A study published in the April issue of Early Education and Development is advocating for neuroscience to be taught in elementary schools. Psychologists Peter Marshall and Christina Comalli surveyed children ages 4-13, and found that the elementary-aged children had no real idea how the brain functioned. In fact, children were likely to see the brain as merely “a container for storing memories and facts” rather than a complex sensory organ.
They attributed this lack of knowledge to several factors. First, parents and teachers talk to young children in detail about how other parts of their bodies work, but rarely mention the brain in everyday conversation. And second, it’s harder for children to understand what goes on in their own brains – they can’t observe the organ directly, and much of what goes on inside the brain can seem pretty abstract. So children are left to guess, or rely on metaphors.
Marshall and Comalli propose to solve this problem by teaching brief lessons on the brain to children as early as first grade. By teaching a 20-minute lesson, they found that children retained and understood the information 3 weeks later. The lesson wasn’t too detailed or complex, in consideration of the age of its audience, but it did emphasize that the brain is for seeing, hearing, smelling, and feeling – not just for thinking.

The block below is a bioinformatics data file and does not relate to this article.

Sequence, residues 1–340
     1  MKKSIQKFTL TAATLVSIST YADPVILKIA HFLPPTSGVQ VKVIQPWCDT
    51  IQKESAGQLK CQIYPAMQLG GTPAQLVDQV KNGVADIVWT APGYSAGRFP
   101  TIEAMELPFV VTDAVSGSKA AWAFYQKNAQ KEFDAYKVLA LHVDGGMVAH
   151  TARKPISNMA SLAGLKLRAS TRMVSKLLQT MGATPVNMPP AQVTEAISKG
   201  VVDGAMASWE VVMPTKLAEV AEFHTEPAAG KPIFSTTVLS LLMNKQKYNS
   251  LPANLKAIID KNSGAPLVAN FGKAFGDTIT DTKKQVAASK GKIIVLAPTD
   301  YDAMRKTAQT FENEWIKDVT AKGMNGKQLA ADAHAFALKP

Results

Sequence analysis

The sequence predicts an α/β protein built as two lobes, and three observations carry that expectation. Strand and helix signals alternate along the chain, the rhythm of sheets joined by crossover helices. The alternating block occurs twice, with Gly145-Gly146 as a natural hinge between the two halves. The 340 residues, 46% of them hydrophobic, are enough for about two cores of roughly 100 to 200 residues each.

There are some interesting ramifications of this research. Psychologist Carol Dweck has found that children who know more about how brains work are more likely to persist in a task despite making mistakes, and more likely to pursue a task until they’ve mastered it. This is because children who understand that the brain is plastic and that their intellectual abilities and skills aren’t set in stone are more motived than children who believe intelligence is an immutable characteristic.
What do Care2 readers think? Is first grade the right age to start teaching kids about the inner workings of their minds?
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